Mirror, Mirror on the Wall... Tell Me I'm Perfect
by Nancy S. Tessler, Ph.D.
"I don't need to be better than anyone. I just want to be perfect," says one of my female patients. She, however, gives voice to the persistent, if unacknowledged, lament of almost every woman who comes through my door.
The drive for perfection is ubiquitous for women. We women want to be perfect mothers, perfect hostesses, perfect lovers, perfect friends (a perfect psychologist, in my case!) and have perfect bodies, perfect grades and perfect appearance. Even our children and homes need to be perfect. As young girls, we are "sugar and spice and everything nice," and around age 12, as studies have consistently shown, we begin our quest for perfection in earnest, muting our voices and losing our real selves. Finally, as adults, we are exhorted to buy every product on the market that will transform us into perfect women (How about line minimizing makeup? Thigh masters to reduce fat? Plastic surgery? The latest "how to " book?).
For the women I see in my office, however, the drive for perfection has acquired overwhelming force, pummeling the psyche and and leaving much distress in its wake. Invariably, these women are tormented, looking at their reflections almost exclusively in mirrors that distort and magnify their own imperfect selves. They come in with any number of complaints, from obsessing about food to unhappy marriages, from work to parenting issues. The diagnostic labels we therapists put on insurance forms (further delineating their imperfections)---eating disordered, borderline, clinically depressed, adjustment reactions, etc----only mask the fact that these women all suffer tremendously from failing to meet their own unrealistic, perfectionistic expectations.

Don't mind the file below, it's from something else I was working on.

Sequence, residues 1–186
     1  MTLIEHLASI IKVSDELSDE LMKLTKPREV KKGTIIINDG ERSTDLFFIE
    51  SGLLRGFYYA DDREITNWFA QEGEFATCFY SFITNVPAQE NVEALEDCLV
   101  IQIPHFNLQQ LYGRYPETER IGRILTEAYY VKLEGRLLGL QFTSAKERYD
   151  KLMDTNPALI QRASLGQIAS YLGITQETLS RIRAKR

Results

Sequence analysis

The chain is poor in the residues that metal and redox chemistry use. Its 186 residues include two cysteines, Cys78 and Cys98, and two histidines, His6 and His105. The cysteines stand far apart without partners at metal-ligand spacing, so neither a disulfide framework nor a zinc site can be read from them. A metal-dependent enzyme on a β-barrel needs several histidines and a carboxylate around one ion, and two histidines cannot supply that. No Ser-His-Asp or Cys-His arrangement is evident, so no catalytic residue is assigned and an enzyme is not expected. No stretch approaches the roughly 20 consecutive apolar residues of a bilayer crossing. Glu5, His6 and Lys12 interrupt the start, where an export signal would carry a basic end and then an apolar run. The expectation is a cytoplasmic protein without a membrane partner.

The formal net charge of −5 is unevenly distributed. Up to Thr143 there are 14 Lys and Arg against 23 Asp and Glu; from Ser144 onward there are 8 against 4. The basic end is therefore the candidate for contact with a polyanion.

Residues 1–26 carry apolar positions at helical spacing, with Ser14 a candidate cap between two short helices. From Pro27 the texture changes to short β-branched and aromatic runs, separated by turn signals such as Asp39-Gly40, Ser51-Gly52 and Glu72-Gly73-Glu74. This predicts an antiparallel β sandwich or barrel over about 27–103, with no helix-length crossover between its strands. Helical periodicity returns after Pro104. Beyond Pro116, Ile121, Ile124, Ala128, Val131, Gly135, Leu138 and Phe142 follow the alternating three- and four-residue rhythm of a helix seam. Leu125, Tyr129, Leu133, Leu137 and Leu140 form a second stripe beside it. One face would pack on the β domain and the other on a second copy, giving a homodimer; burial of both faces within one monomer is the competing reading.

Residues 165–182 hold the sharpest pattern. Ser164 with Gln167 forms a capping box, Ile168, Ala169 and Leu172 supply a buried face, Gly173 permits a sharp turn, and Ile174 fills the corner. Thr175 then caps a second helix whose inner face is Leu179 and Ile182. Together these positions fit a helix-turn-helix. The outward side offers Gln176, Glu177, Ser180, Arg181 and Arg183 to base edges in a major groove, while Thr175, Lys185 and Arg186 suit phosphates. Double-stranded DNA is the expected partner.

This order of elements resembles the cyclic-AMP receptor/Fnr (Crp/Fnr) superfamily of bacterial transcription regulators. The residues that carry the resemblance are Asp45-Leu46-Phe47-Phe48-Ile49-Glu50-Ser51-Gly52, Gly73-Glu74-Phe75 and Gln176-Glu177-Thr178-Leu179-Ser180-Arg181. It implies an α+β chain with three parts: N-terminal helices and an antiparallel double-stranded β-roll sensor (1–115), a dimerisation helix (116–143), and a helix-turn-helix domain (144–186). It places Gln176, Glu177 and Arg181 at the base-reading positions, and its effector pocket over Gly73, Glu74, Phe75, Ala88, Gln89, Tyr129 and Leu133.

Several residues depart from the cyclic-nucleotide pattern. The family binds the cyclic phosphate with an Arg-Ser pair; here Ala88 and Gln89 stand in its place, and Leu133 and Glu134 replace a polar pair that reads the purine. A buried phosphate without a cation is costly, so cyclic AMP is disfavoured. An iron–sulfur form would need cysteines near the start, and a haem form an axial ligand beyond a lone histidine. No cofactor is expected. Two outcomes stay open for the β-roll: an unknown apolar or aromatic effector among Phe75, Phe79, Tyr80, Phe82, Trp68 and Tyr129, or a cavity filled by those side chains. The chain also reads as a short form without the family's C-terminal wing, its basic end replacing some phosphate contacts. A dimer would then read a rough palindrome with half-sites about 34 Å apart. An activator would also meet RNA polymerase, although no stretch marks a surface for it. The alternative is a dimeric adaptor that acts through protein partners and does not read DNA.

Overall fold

Let's meet some of these women (to protect confidentiality, identifying features have been disguised):
There's the young, extremely attractive and successful writer, who comes to see me on the heels of her boyfriend's suicide and complains, "I feel that I'm to blame. If only I had been good enough or if he loved me enough, he wouldn't have killed himself. I let him down," she sighs heavily (completely discounting the fact that he let her down innumerable times with his gambling and womanizing).
There's that bubbly, pint-sized woman who hides her disabling obsessions about gaining weight. She can't imagine a day going by where she is not consumed with what and when she's going to eat; where at every social gathering, she measures what she eats against everyone else's helpings, how she tries to avoid vacations, holiday celebrations and business luncheons, in order to block access to food.. Her ultimate goal in life is to have a perfect body--and keep it.
Then there is the middle-aged woman who, having grown up with a depressed, non-functional mother, feels that she has to be perfect in every category-- compelled to drive her kids wherever they want to go, to prepare an elaborate dinner for her husband, to contribute unlimited time and effort to the community---all the while maintaining a busy medical practice. A frantic woman who says "yes" to everyone and everything, but whose sexual advances are spurned by her husband, who finds a younger lover with a more perfect body.
These women are fairly representative of the women I see in my psychology practice. Women--wonderful, bright, accomplished, caring, substantial women---yet, apologizing for who they are, what they do, how they look!
In my work with these women, I encourage them to permit themselves to be less than perfect, rather than more perfect. Women need to accept themselves and see themselves as having value without crafting themselves into some perpetually elusive "perfect woman." I'd like them to see that they are far more interesting and alluring with the imperfections that uniquely define them.
As in the "hall of mirrors," together we find those mirrors with the right angles and lens which will yield positive views of who and what they are, not what they aren't. Women can then begin to discover those previously overlooked and undeveloped aspects of themselves. And, not surprisingly, they will look in these new mirrors and like, even love, their imperfect selves!